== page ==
Congratulations to Chris Capuano, the latest member of the Charlie Brown All-Stars.
CapuanoWe mean the Mets, although there’s plenty of room for confusion between the two squads.
We’re not talking about the current team and we’re not necessarily reflecting on Capuano’s current status, as he’s shown himself to be reasonably decent at times, and has made a respectable comeback from Tommy John surgery.
What we’re referring to is the Mets' historic penchant of employing losers. In Capuano’s case, that deals with a streak too recent to be forgotten. From 2007 to 2010 (with surgery in-between), the Brewers lost 19 consecutive games in which he was the starting pitcher.
Most Consecutive Team Games Lost
Started by Single Pitcher, All-Time
It’s a streak that actually started against the Mets, who beat the then-5-0 lefty, 9-1 on May 13, 2007. (Damion Easley's first-inning home run was the key hit.) Capuano lost his next three starts, 8-1, 5-1, and 2-1, and the streak was on its way to a historic measure.
The Elias Sports Bureau says the 19 straight starts without a team win matched an all-time worst streak, last accomplished 94 years ago.
Capuano would actually make 26 straight appearances in Brewers defeats, a skid snapped on July 3, 2010, when he closed out a 12-5 win over the Cardinals. Sixteen days later, he’d throw five innings of one-run ball as a starter in a 3-1 win over the Pirates to snap his other schneids -– the 19-game start streak and Capuano’s personal 13-game losing streak.
We mentioned that the Mets have a history of associations of this nature, dating back to their origin –- remember that this is a team that lost 120 games in 1962.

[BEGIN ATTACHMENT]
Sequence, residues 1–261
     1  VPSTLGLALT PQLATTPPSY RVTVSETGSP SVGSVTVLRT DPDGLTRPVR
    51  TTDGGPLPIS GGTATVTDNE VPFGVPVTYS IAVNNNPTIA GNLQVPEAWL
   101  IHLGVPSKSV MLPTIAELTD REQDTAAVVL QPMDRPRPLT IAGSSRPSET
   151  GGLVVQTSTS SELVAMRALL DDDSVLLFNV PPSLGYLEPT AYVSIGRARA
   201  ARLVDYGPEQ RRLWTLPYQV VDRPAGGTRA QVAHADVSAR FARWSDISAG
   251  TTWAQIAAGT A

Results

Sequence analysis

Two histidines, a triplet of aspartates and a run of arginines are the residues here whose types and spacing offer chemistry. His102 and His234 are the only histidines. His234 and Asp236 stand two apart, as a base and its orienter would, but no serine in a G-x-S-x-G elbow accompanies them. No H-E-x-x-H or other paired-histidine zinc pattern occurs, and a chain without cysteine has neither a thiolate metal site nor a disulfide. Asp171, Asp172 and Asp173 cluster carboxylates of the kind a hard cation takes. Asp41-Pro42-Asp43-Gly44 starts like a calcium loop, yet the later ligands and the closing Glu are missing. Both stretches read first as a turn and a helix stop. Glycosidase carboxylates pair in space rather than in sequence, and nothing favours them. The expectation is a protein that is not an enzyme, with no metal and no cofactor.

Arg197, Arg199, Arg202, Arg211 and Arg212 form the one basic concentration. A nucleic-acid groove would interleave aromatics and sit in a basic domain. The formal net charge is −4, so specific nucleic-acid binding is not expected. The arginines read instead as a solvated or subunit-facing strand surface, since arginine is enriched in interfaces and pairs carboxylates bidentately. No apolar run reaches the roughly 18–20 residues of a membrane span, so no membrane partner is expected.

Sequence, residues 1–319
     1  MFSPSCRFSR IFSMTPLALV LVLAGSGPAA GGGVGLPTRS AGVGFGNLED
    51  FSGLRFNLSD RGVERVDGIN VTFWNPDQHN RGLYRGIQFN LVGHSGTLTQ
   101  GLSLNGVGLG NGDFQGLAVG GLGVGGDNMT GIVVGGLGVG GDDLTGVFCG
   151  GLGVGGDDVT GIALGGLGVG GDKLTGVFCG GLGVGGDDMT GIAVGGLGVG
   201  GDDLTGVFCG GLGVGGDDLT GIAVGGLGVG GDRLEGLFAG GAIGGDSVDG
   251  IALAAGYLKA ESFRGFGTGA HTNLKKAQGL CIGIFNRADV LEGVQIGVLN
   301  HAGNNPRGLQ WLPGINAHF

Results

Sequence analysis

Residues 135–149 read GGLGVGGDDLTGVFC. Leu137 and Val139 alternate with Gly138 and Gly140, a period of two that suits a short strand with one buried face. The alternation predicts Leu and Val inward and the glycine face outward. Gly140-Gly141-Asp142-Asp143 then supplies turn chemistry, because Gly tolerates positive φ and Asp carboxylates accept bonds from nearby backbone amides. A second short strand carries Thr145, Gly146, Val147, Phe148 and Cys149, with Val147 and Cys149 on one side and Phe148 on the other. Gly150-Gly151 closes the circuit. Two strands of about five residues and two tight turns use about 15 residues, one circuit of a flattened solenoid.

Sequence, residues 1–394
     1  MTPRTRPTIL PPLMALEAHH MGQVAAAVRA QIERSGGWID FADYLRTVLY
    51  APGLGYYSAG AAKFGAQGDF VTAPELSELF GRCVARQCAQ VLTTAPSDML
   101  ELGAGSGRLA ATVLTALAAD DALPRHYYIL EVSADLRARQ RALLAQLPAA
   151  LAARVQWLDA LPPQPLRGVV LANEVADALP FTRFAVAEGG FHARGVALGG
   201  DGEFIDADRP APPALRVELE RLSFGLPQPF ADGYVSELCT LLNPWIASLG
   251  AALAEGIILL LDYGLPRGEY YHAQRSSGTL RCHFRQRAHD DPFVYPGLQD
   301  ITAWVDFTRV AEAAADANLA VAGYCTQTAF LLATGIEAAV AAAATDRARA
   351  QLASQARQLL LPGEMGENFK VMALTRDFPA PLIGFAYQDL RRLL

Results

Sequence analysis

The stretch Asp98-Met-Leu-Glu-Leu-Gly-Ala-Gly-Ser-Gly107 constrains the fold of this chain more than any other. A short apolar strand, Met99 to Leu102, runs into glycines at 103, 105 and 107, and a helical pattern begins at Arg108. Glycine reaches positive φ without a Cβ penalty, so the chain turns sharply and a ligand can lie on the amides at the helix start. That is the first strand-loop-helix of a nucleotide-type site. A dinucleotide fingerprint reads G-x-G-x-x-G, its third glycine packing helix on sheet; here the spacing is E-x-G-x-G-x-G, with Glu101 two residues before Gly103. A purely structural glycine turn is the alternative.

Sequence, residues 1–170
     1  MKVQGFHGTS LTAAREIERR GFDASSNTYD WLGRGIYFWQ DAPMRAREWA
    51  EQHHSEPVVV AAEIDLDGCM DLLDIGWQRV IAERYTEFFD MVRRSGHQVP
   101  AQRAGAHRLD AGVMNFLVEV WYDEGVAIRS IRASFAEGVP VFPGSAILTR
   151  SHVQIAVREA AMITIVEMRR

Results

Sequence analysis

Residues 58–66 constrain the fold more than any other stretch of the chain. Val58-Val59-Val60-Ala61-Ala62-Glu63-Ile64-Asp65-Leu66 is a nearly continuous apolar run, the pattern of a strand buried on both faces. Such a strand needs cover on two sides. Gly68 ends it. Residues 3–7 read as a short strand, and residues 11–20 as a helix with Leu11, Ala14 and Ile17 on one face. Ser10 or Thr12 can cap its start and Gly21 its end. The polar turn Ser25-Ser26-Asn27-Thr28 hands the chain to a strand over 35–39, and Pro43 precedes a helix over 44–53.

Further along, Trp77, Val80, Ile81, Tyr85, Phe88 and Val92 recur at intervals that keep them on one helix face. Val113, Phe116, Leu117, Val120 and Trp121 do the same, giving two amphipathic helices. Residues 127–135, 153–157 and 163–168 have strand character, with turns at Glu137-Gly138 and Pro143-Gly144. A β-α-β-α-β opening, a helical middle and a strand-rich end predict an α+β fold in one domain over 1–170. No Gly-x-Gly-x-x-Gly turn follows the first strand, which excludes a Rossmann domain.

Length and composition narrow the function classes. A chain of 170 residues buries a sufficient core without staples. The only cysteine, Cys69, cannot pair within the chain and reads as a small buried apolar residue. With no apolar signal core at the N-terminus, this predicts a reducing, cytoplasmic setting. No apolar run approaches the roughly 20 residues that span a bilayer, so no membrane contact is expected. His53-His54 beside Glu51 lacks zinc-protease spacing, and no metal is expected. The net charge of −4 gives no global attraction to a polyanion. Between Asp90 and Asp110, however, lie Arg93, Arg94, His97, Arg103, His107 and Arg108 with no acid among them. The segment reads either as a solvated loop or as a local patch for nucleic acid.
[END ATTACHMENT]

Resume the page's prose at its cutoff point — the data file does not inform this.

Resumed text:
Capuano Streak Summary
They’ve never had a pitcher appear in 26 straight games that the team lost (the club record, from a check of Baseball-Reference.com is Larry Miller’s 23 from 1965 to 1966), but they’ve had four instances of a pitcher losing more than 13 straight decisions.
Craig Anderson dropped 19 straight decisions in a streak that started in 1962 and didn’t end until 1964. In 1963, original Met Roger Craig suffered 18 straight losses, 17 of them coming in starts.
Reliever Skip Lockwood would challenge those two marks, with 14 straight losses from 1978 to 1979, but that streak would pale comparatively to the granddaddy of Mets losing streaks, set by Anthony Young from 1992 to 1993.
Young can scoff at Capuano’s troubles. He lost a major league record 27 straight games, 14 as a starter, 13 as a reliever. Young lost when he pitched badly (losses No. 1 through 3, he allowed 14 runs in 17 2/3 innings) and lost when he pitched well (loss No. 26, he had a one-hit shutout with two outs in the eighth inning against the Padres, but got beat, 2-0).
The good news is that there’s little chance that Capuano will ever befall the same fate as any of those predecessors. For one, as we mentioned, he seemed to regain his form toward the end of last season.
For another, if he’s in position to have another losing streak of that nature, he probably won’t last very long in a Mets uniform.
For now, let’s just hope he’s no Jerry Cram.
Who’s that, you ask?
Cram has a losing distinction of another nature, uncovered thanks to BaseballMusings.com's Day-By-Day-Database. He pitched in 14 games (all in relief) for the Mets from 1974 to 1975. His numbers were respectable -– a 2.30 ERA and 29 hits allowed in 27 1/3 innings. There was just one problem.
In those 14 appearances, whether they be in close games or blowouts, the Mets never won.